The National Gallery of Art sponsors a host of programs for school groups, families, and young children, hoping to inform and inspire the next generation of art-lovers, and we have availed ourselves of a number of them. From my sketchbook I post a visit made some years ago with my daughter for a program in the “Stories in Art” series, during which an NGA docent reads aloud a story, tours the museum discussing with the children paintings relevant to the book, and then leads them in a hands-on art project, which might be drawing, painting, sculpture, printmaking, collage. On this occasion, the children listened to the delightful story The Cow Who Fell in the Canal (Phyllis Krasilovsky/Peter Spier), toured the collection of 17th-century Dutch and Italian paintings of waterways, and then painted their own landscapes.


Skywatcher

Tuesday, November 9th, 2010

If you lived in 17th century England and were found guilty of stealing, consequences could be severe: whipping, branding, a term in the pillory, even hanging. An alternative was transportation to the New World and seven years of indentured servitude. The colonies needed laborers.

For some people what was essentially permanent exile might have seemed worse than hanging. But it apparently worked out well for one Molly Welsh, a dairymaid who was transported and indentured to a Maryland tobacco planter in 1683 when she was found guilty of stealing, or at least knocking over, a pail of milk. It was a life-changing accident. After working a seven-year term, Molly had earned enough to buy a tobacco farm of her own, and bought a slave named Banneka (or Banneky) to help work it. Although interracial marriage was illegal at the time, love triumphed. Molly freed Banneka; the two were married and had four daughters.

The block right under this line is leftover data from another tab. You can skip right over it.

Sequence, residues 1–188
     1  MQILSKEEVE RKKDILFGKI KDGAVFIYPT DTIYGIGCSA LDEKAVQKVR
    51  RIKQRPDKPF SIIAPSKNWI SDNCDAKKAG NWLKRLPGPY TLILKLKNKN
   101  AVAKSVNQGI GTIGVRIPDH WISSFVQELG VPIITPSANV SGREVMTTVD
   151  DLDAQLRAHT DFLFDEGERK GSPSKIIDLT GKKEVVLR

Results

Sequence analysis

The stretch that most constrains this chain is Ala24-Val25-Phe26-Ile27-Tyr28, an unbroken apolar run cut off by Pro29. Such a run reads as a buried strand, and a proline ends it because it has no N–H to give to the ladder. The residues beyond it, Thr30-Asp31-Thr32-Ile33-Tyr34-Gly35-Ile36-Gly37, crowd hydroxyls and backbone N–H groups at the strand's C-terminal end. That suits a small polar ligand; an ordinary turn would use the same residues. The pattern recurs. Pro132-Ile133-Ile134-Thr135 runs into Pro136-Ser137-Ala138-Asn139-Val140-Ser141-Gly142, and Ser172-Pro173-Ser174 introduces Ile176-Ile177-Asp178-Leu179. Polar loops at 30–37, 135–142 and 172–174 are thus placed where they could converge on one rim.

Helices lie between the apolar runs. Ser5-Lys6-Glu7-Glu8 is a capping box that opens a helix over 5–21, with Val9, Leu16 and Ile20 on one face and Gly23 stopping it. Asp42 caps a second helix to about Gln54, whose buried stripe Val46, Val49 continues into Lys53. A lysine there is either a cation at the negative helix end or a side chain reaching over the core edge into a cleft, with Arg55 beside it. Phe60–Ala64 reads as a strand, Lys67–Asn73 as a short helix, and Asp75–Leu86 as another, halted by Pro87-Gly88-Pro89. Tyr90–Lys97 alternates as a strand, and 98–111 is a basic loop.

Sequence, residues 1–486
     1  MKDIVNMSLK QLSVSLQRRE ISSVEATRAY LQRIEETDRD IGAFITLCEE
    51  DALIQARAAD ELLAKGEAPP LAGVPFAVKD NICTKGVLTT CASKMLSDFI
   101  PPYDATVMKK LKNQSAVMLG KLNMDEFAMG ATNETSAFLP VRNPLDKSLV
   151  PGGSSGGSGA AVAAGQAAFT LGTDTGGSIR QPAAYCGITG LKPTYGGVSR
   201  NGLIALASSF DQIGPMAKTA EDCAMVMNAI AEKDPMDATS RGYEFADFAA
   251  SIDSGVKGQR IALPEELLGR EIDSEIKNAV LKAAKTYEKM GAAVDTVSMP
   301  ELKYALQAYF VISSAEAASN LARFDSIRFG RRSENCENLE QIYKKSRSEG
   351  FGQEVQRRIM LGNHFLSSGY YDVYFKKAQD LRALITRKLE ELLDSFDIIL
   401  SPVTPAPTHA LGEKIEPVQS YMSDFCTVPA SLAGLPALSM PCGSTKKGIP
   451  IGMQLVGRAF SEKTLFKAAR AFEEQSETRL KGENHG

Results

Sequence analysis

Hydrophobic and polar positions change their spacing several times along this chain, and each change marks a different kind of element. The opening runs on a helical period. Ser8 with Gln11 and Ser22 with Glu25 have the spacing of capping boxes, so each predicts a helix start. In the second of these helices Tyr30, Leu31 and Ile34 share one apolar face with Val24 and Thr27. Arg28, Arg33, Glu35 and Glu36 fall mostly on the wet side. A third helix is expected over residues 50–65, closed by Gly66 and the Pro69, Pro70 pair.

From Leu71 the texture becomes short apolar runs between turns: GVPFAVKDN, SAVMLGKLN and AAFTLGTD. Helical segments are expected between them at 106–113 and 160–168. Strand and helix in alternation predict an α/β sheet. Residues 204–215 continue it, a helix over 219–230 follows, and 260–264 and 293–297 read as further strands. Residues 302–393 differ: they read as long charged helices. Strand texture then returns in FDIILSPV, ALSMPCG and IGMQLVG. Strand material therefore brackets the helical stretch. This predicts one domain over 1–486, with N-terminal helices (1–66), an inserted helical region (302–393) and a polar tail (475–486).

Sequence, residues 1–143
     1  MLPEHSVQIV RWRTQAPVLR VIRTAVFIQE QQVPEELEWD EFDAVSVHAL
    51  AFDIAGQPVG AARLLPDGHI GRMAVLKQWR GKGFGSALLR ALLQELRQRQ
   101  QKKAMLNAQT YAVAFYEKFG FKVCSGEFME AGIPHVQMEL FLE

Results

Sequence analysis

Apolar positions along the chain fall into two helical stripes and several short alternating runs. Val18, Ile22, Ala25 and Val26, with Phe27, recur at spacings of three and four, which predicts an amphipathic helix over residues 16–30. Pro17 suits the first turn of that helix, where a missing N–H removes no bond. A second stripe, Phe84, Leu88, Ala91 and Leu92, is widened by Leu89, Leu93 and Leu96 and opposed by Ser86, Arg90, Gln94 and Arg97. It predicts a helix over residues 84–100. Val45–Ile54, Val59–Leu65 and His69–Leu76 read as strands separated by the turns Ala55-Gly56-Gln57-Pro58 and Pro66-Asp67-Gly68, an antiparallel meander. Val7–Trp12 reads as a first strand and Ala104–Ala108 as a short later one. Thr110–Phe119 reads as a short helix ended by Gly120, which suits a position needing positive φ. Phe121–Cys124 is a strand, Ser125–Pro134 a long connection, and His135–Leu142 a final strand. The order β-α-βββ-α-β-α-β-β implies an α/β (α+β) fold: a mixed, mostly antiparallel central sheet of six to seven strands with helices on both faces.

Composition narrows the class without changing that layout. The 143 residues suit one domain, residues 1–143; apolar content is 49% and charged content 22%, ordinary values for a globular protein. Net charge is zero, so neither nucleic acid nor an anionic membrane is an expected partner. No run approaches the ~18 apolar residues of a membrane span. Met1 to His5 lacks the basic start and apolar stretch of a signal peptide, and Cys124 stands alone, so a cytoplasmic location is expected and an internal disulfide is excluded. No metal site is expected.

One of their daughters also fell in love with a slave, so her parents bought his freedom to enable them to marry. Because like many slaves he had no surname, when they married he took their name (now Banneker) as well. And these were the parents of Benjamin Banneker (1731-1806), whose birthday it is today.

BannekerECS

Benjamin was from all accounts a very bright child. His grandmother Molly taught him to read and write, and he was eager to learn from any available source. But books were few. Around 1770, three Ellicott brothers from a large Pennsylvania Quaker family built a mill, homes, and store nearby, which eventually became the hub of a prosperous community (now Ellicott City). The Ellicotts and their offspring were mechanically inclined and enjoyed experimenting with mechanical and scientific inventions. The family befriended their knowledge-hungry neighbor Benjamin and lent him books, tools, and a telescope.

From that moment Banneker was devoted to astronomy, which he taught himself from the books and from studies of the night sky he made (in addition to carrying on the work of the family farm). He became so skilled that in 1791, when Andrew Ellicott, who had helped complete the Mason-Dixon Line survey, was hired to survey the land for the nation’s new capital city, he asked Benjamin Banneker to help him with the necessary astronomical observations. It’s pretty rough spending your nights outdoors for months stretched out on the cold ground measuring the stars when you’re 59 years old, but Banneker agreed. (This is the scene depicted above in my daughter’s Main Lesson book from our homeschooling Local History and Geography block.) So off they went to lay out the boundaries for the ten-by-ten-mile square that was to become Washington, DC. Some of the original boundary stones are still visible.